•Limit 20 smallmouth bass.
•Limit 5 largemouth bass.
•Limit 10 crappie.
•Limit 25 channel catfish.
•No limit on striped bass.
•No limit on walleye.
Possession of the following nongame fish is prohibited. If you catch any of these fish, you must release them immediately:
•Fish may be filleted at any time.
•Anglers may possess filleted fish.
•Anglers may use dead striped bass as bait.
•Chumming is allowed, but you may chum only with legal baits or dead striped bass, as specified in Utah Admin. Rule R657-13-12.
•Gaffs may be used to land striped bass only.
•Closed to the use of underwater spearfishing to take largemouth and smallmouth bass from April 1 through the fourth Saturday of June. •Archery and underwater spearfishing are prohibited within all of the following areas: •One-quarter mile of all existing developed areas, including shoreline campgrounds, docks, launch ramps, breakwaters and trailheads •One-quarter mile of any structure, including any building, shed, pump-out, boat dock, breakwater, permanent harbor fixture, camper, motor home, trailer, tent or vehicle • Rainbow Bridge National Monument •One-quarter mile of Dangling Rope Marina, including any land- or harbor-based structures •One hundred yards (300 feet) of any boats (unless the person owns, rents, leases or lawfully occupies the boat), or another boat moves into the 100-yard perimeter after the bow or spearfishing activity has commenced
There is no limit on sport fish species which includes all species of bass (including sunfish and stripers), all species of catfish, all species of trout, and walleye.
The Environmental Protection Agency, states, territories, and tribes provide advice on fish and shellfish caught in the waters in their jurisdiction to help people make informed decisions about eating fish. Advisories are recommendations to limit your consumption of, or avoid eating entirely, certain species of fish or shellfish from specific bodies of water due to chemical or biological contamination.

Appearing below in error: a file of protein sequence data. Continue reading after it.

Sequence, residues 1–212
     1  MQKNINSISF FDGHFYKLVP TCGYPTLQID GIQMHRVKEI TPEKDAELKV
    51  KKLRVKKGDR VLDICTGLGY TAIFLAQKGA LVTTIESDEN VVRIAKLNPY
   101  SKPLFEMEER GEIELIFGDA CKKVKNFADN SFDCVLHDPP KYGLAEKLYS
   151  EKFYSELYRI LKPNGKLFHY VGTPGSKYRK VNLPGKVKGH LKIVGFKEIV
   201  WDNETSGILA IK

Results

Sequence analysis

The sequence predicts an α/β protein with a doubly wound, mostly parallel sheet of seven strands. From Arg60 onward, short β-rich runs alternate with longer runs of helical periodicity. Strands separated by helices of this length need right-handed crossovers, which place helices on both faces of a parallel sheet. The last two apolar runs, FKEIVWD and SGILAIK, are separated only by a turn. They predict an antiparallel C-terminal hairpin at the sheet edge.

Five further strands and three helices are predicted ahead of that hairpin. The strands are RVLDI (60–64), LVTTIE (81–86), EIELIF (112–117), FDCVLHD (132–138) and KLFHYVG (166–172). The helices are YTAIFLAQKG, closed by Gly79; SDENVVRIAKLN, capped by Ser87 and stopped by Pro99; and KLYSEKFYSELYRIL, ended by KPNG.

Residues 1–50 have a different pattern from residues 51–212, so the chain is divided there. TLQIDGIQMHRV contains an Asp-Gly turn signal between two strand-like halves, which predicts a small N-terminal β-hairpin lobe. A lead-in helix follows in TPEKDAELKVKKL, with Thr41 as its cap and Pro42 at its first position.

Glen Canyon National Recreation Area Fish Consumption Advisory
Public Health, Environmental and Wildlife agencies from Utah and Arizona jointly issued a mercury fish advisory for striped bass in the southern portion of Lake Powell from Dangling Rope Marina to the dam. Read more from the Utah Department of Environmental Quality.
No other fish found in Lake Powell or the Colorado River below Glen Canyon Dam have a consumption advisory at this time.
Aquatic Invasive Species
How You Can Help – Stop Aquatic Hitchhikers
Clean. Drain. Dry.
Because quagga mussels have been confirmed both above and below the dam, and New Zealand mudsnails are in the river below the dam, all boaters and fishermen must clean, drain, and dry their boats and all equipment after contact with these waters.
Educate yourself on the threats of aquatic invasive species (AIS) and state regulations in place to prevent their spread. In addition to ecological impacts, quagga mussels have devastating financial impacts on marina infrastructure and boats.
We invite you to visit the Fish and Fishing website for more information about fish and fishing in the National Park Service. You will learn about conservation, different fish species, and parks that offer fishing.
Last updated: September 9, 2020